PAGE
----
Regrettably, most of the acting is on par with the rest of the film. Patrick Wilson gives a robotic performance as the protagonist while Ron Livingston and the daughters (played by five interchangeable actresses) are all monotonously bland.

Courtesy of virtualborderland.wordpress.com

Courtesy of virtualborderland.wordpress.com

But the biggest disappointment is Vera Farmiga, who normally excels at playing otherworldly characters. Here she is surprisingly glib and acts more like a B-movie scream queen than an accomplished expert of the supernatural.

In its favor Conjuring provides the inexplicably underutilized Lili Taylor with her most significant part in a long time. Delivering the sole three-dimensional performance, Taylor vividly captures the essence of a loving and protective mother progressively crumbling under the mental and physical strain of fighting demonic forces co-opting her body. Even at her most demented she infuses her character with humanity and vulnerability that singlehandedly rescues the third act from total banality.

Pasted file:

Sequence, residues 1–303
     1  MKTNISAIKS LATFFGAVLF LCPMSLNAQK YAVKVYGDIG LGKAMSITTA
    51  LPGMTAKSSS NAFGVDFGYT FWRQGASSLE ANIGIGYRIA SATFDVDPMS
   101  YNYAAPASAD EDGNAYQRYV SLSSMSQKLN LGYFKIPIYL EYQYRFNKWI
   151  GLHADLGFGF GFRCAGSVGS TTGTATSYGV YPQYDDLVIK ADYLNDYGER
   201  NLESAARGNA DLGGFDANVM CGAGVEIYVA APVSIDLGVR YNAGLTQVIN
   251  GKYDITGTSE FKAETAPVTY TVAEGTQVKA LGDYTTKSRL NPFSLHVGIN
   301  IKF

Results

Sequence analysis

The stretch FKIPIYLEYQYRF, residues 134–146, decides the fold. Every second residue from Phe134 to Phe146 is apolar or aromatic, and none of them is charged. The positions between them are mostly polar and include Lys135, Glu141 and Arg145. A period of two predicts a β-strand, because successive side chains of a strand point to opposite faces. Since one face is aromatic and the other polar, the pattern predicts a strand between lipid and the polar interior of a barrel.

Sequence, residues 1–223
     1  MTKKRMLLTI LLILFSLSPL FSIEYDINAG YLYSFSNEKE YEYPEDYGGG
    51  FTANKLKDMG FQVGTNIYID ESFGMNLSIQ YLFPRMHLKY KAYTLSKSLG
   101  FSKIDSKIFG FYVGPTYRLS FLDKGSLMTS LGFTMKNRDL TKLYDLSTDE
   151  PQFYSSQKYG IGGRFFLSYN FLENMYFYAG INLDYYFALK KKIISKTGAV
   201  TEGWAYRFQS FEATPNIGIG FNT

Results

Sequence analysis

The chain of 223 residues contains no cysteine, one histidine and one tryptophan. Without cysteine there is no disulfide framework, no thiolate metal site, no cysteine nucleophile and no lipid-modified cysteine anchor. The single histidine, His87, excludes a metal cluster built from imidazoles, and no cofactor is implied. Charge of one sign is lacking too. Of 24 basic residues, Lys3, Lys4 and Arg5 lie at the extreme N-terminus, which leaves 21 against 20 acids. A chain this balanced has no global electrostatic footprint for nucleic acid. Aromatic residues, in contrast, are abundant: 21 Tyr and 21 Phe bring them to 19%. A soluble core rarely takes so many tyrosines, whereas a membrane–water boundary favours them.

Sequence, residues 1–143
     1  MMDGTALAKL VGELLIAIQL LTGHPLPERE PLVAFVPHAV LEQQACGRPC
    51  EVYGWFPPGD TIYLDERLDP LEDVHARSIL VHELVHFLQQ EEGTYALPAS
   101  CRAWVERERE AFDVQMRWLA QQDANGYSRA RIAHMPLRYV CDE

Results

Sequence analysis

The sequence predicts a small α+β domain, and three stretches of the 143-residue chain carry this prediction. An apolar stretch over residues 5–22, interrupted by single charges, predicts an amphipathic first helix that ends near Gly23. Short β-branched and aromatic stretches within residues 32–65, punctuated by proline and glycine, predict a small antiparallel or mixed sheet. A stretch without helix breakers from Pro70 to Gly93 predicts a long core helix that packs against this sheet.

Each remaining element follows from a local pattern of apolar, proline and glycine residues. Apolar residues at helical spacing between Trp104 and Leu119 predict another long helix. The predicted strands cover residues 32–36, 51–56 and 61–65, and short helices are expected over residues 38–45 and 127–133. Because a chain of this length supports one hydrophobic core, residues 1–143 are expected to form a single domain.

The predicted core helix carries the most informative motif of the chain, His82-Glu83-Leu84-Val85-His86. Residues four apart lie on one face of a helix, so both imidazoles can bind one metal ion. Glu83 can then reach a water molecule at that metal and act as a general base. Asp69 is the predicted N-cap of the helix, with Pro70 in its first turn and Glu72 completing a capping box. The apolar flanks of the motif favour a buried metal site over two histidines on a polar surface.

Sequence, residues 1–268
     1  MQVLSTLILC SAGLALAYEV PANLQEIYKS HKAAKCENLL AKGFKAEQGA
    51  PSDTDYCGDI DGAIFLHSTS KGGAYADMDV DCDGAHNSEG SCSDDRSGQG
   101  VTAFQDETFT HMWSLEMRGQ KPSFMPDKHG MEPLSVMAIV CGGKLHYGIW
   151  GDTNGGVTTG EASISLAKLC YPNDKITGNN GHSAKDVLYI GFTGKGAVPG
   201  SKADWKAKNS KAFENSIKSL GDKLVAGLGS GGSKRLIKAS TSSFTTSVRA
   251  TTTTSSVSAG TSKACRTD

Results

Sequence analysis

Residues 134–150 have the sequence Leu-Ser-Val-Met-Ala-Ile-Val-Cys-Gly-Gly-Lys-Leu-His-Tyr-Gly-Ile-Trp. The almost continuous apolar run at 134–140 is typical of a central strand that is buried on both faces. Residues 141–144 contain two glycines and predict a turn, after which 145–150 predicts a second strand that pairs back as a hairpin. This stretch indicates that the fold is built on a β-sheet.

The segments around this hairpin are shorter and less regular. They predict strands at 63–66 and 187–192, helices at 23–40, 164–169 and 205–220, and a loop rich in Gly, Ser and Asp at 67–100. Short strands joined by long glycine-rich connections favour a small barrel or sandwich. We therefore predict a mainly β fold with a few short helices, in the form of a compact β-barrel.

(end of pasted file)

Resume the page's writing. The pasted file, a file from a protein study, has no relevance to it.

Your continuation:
Courtesy of collider.com

Courtesy of collider.com

Making matters worse, the sub-plots are more interesting than the main story. The Annabelle doll vignette has a bounce and energy that the rest of the film lacks, and its story could have inspired a quirky and enjoyably trashy flick.

A tragic séance that led a disturbed man to murder and suicide (and left Lorraine with PTSD) is the film’s most promising element, but its underdevelopment (the scene was thirty seconds tops) made it devoid of any meaningful impact. Had it been properly fleshed out, an engaging and taut cinematic experience with rich characterizations could have emerged.

Courtesy of screencrush.co.uk

Courtesy of screencrush.co.uk

Conjuring is indicative of contemporary Hollywood filmmaking in that it is a polished, competent, and perfectly generic product. That critics and audiences have so widely flocked to it enables blandness to fester in popular culture in favor of other creative filmmaking expressions enlivened with personality and dynamism that have made several seminal 70s horror films (most notably The Exorcist, The Omen, and Carrie) and tons of fantabulously campy exploitative ones by schlock auteurs such as Roger Corman, Eddie Romero, and Jack Hill enduring classics.

Courtesy of allzinfo.com

Courtesy of allzinfo.com